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Here's Your Textbook, Now Get In The Box!

I remember my grammar school days fondly – the rote memorization, the diagramming of sentences, the hours of hours of pointless, mind numbing, spirit crushing mathematics exercises that were forced upon us ever since we were old enough to hold a pencil without jabbing ourselves in the eye – it’s times like that which make a person look back and wonder why more students didn’t strap on an Uzi and go gunning for the assistant principal. In retrospect though the answer was quite simple: we were a generation that respected the authority of the school. If a teacher told us to quit talking, we did, immediately and without question. We didn’t flip her the bird, mutter under our breath, or stand defiantly in her face and tell her to perform a reverse bowel movement with her ruler. One reason for our tacit acceptance of the ruling class in school was the fact that teachers were an extension of our parents – Mom and Dad expected us to succeed academically, and disappointing the teachers was, in effect, disappointing our parents.

Another, some may say more tangible reason, behind our classroom compliance was the fact that teachers during my time in elementary school, were endowed with the license of “corporeal punishment,” a concept which has sadly gone the way of the Flock Of Seagulls haircut. Mouthing off to your third grade teacher was tantamount to spitting on Jesus, and, as such, was received with all the warmth of a Neo-Nazi Pride parade. Law and order was set in stone around second grade where we watched in a mixture of puzzlement and horror as Chris Palmieri had the back of his knuckles smacked with a yardstick after telling the teacher to “shut up.” He didn’t summon a lawyer, call the ACLU on his cell phone, or contact the local paper. He sat there, cried, and later that night was swatted again by his parents for angering the teacher.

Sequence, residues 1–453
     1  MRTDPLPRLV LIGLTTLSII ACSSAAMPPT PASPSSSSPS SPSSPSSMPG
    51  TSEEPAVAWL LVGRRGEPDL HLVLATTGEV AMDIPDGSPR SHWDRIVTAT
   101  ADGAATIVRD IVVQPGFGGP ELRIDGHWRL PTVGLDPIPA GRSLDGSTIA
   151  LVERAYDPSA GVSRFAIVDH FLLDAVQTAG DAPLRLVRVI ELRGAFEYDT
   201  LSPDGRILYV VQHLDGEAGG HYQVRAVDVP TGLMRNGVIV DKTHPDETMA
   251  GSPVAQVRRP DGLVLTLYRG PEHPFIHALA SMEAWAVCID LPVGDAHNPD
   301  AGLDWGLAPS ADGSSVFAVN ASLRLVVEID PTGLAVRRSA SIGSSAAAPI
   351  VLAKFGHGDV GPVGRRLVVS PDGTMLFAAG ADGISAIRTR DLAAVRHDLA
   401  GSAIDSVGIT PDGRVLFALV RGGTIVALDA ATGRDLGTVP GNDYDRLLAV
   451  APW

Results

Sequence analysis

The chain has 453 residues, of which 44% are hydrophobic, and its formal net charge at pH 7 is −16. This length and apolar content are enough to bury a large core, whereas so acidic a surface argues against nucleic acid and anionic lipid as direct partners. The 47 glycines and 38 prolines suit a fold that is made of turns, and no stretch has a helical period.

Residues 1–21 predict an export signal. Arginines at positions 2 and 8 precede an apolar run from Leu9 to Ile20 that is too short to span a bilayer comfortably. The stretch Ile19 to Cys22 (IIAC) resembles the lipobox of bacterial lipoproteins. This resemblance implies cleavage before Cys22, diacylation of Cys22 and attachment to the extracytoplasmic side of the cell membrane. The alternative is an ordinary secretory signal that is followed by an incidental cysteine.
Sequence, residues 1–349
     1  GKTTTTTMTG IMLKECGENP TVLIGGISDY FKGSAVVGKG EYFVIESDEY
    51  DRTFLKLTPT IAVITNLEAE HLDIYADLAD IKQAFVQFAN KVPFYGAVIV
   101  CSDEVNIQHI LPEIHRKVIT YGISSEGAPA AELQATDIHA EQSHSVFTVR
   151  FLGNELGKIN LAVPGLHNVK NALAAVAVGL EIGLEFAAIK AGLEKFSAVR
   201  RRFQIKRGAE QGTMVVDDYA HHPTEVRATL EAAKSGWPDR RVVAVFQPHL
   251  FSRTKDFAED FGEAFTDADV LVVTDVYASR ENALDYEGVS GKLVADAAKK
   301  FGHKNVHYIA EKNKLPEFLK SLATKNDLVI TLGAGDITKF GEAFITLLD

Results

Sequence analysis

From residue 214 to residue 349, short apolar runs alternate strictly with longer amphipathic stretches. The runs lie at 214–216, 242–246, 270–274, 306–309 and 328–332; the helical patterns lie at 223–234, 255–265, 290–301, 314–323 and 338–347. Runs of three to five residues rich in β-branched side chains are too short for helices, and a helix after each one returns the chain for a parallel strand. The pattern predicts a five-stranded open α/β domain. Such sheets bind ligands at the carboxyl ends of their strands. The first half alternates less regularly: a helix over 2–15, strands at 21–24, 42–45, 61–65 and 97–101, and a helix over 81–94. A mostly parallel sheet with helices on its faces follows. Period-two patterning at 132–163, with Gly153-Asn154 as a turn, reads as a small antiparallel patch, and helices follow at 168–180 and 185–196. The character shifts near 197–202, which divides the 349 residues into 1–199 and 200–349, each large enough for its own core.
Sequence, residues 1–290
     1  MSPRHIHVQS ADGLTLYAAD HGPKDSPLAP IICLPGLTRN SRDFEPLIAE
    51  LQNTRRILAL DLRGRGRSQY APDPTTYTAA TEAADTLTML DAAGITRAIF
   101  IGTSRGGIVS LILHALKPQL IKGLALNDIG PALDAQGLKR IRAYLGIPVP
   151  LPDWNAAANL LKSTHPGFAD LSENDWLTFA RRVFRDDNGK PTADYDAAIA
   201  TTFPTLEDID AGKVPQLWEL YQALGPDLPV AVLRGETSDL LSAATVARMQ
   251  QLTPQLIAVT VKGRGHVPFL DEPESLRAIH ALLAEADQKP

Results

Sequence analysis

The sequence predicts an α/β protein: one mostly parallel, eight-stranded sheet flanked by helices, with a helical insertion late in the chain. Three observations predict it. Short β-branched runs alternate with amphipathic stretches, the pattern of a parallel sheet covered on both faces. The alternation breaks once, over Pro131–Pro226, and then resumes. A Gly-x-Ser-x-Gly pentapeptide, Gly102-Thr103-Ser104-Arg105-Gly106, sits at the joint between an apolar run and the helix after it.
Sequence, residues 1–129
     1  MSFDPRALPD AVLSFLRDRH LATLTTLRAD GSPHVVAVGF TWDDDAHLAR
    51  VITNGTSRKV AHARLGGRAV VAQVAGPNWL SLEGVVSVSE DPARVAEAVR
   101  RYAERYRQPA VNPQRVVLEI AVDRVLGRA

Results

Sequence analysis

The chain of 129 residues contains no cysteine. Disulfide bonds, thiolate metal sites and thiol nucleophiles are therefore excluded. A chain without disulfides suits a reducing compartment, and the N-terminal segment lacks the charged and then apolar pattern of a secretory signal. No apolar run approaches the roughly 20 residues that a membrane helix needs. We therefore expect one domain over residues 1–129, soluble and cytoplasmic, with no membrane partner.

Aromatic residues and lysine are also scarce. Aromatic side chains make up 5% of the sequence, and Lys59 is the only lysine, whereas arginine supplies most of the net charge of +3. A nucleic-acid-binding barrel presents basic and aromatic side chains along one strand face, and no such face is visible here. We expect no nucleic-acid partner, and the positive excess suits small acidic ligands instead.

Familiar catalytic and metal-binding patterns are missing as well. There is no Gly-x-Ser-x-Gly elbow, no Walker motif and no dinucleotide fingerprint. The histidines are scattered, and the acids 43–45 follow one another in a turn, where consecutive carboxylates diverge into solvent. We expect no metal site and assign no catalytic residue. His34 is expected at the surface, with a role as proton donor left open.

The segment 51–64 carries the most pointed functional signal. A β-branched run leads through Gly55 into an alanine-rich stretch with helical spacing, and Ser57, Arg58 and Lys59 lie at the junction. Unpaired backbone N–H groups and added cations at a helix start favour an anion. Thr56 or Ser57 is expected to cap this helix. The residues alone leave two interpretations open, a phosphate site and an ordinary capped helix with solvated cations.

We had learned a valuable lesson that day, one that went far beyond “don’t talk back to the teacher or you’ll get hit.” No, we learned that there were consequences to our actions, and if we wanted to succeed, we must always choose the right thing to do, lest we suffer the penalty. And if you slipped and forgot, and decided to take a walk on the wild side by swiping chalk or cheating on your vocabulary test, a sharp rebuke, followed by a swift rap on the knuckles put you back on the road to decency post haste.

Nowadays, the line between right and wrong has been blurred by liberal educators, over-indulgent parents, greedy lawyers and grant-seeking “researchers.” Hitting children, they say, teaches them only violence and disdain for authority, and more diplomatic behavior modification techniques should be sought. By the way, the people who buy into that Holistic mumbo jumbo are the very same people who would refuse to ban “Grand Theft Auto,” on the grounds that it would violate free speech.